As I sat listening to this year’s United Way Ottawa Community Investment announcement, I was prepared for a few smiles, camaraderie with familiar faces, and the opportunity to contribute some applause for deserving people. I’ve been in the charitable sector for about 20 years now as an employee, volunteer, board member, spokesperson, and many other roles, so I’ve seen a lot and as a result, I’m not easily moved. But I have to say the story of Guy Clairoux touched me pretty deeply.
Please watch the video that tells his story, but here’s why it really hits home for me.
Guy had a rough time at school and was targeted because he wore glasses. So he took off his glasses and did not wear them in class. The problem with that solution is he could not see very well, and the school labeled him as having a disability, and he was segregated into the Special Education program. Desperate for social connection, he found some willing comrade outcasts who introduced him to smoking, drugs, and crime.
This part of the story touched me for a variety of reasons, one of them being that although Guy was misdiagnosed before being sent to Special Education, it doesn’t really matter – segregating people does not help them. It punishes them.
We need our schools to be inclusive places where students learn to be together regardless of their differences. When our schools instead reinforce difference, we end up with adults who carry on what was taught to them – that people with disabilities belong in the basement, somewhere down the hall, somewhere around the corner, somewhere out of sight. There is no opportunity to learn about reciprocity and value.
It is not well understood that the 75% unemployment rate for people with intellectual disabilities has little to do with “skills” or the need for an updated resume. The problem is that potential employers and co-workers have been taught their entire lives that “those people” belong in separate places. At LiveWorkPlay we take pride in working with United Way Ottawa and other partners to demonstrate that including people with disabilities changes workplaces for the better.
The other part of the story that touched me was seeing Guy right in front of me as a cherished hero of his local community. He turned his life around (something United Way Ottawa donors support) and is credited with helping to dramatically improve the lives of the residents of Regina Towers (part of Ottawa Community Housing).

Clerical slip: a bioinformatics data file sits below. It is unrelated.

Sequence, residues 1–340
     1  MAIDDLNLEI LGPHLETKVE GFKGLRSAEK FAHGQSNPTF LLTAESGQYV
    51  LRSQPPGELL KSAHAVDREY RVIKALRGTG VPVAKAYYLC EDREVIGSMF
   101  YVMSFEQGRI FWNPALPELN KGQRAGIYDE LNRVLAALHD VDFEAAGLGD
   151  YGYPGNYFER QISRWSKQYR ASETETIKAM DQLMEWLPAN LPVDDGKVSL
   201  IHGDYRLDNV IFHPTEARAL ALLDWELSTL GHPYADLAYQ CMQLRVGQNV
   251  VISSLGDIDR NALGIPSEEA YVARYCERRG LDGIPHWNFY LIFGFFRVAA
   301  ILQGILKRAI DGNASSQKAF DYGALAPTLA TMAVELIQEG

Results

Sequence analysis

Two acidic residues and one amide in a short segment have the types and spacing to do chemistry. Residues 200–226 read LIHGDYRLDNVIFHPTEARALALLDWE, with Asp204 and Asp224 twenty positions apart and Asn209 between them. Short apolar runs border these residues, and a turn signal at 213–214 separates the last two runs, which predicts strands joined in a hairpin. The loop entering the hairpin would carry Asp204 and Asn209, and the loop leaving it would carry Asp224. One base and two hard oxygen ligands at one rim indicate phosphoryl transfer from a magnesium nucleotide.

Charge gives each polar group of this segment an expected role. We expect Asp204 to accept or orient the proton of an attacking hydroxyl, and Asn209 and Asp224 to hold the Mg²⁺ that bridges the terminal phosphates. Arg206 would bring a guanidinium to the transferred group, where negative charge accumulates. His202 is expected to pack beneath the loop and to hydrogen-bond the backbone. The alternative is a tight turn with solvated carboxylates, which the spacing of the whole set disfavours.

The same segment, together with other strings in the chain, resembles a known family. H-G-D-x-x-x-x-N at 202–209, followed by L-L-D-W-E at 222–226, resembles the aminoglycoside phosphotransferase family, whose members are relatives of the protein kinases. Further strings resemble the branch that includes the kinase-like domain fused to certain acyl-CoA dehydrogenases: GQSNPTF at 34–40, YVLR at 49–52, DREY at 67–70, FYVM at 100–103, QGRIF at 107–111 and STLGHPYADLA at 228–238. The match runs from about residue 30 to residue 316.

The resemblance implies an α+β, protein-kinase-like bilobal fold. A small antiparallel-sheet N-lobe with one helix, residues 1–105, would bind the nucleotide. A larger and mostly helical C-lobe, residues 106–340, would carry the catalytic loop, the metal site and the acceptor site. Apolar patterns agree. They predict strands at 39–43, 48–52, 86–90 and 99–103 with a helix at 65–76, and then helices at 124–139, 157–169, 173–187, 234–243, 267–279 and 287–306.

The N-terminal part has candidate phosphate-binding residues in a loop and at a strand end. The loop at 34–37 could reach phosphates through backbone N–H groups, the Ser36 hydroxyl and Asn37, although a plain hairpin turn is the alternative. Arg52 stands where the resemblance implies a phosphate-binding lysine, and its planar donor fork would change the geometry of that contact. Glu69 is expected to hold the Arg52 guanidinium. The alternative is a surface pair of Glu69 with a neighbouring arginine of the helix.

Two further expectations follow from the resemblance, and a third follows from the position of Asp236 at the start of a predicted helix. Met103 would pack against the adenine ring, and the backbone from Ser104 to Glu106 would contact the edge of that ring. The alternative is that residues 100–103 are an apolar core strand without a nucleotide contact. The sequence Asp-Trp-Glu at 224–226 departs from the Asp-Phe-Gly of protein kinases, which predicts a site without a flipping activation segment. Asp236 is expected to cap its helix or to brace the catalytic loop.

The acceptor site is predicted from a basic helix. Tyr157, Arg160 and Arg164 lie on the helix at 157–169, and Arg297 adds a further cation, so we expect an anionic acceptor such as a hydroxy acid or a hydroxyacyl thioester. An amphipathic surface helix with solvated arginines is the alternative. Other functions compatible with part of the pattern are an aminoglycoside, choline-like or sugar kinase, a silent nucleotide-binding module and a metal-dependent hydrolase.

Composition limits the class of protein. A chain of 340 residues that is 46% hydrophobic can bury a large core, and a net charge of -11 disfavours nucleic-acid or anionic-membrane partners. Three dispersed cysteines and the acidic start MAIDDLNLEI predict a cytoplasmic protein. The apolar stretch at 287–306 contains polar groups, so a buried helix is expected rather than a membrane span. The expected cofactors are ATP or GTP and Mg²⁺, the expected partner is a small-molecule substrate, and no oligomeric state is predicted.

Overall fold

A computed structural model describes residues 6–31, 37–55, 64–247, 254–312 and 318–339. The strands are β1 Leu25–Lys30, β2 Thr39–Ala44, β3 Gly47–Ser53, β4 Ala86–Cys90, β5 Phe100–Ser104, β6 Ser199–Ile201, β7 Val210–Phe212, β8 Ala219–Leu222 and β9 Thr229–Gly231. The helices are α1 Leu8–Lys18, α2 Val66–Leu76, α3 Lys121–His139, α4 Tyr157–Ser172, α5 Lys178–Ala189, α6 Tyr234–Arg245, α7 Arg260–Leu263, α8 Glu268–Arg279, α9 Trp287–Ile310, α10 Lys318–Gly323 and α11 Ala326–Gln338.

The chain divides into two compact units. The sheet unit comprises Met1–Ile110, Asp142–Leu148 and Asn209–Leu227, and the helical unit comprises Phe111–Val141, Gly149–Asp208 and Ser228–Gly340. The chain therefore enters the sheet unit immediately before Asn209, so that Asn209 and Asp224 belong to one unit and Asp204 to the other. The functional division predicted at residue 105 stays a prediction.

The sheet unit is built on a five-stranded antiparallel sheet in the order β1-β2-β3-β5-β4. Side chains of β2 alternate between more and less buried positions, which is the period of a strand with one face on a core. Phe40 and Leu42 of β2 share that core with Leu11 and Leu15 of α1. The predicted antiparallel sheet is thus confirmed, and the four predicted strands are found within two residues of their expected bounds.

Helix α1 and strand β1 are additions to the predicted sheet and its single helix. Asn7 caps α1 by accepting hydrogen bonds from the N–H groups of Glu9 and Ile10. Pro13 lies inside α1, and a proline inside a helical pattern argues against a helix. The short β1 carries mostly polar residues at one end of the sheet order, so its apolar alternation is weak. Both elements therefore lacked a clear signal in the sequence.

As it turns out, I know the building well. I went to Regina Street Public School and passed the building every day. I was also aware that for a period of time the Regina Towers community felt unsafe due to the unwelcoming presence of some residents that were engaging in criminal and other negative behaviour. It became one of those buildings where people would cringe when the name was mentioned.
What is remarkable (as you listen to the tenants speaking in the video) there are now people hoping to spend their entire lives at Regina Towers. They don’t want to go anywhere else. They are home. They feel safe.
But it is the same building. But different.
Because people like Guy changed it.
Because people believed in him and he was able to turn his life around, and was able to apply his life lessons to helping others.
Too many times, particularly when the topic is addictions, I hear people talking about the waste of money and energy that goes to helping addicts. Sometimes the comments go further, as in, perhaps it is best to let addicts kill themselves with their own habit.
That’s a pretty ugly sentiment, but I’ve learned that this is mainly borne out of fear and ignorance, and perhaps a sense of hopelessness – that “those people can’t be helped.”
I looked Guy in the eyes today. There is life and light. There is a powerful energy that contrasts in a compelling manner from the hollow shell that was Guy as an addict. Guy’s life could have ended many times, and that would have been a tragedy, as is all loss of life…but Guy didn’t merely survive. Because he got the help he needed, he is a beloved leader in his community.
In conclusion, if you are in position to advocate for inclusion, speak up. Be a part of the solution. If you sometimes feel frustrated by people like “Guy the addict” try to remember that the person could be “Guy the community hero” in waiting.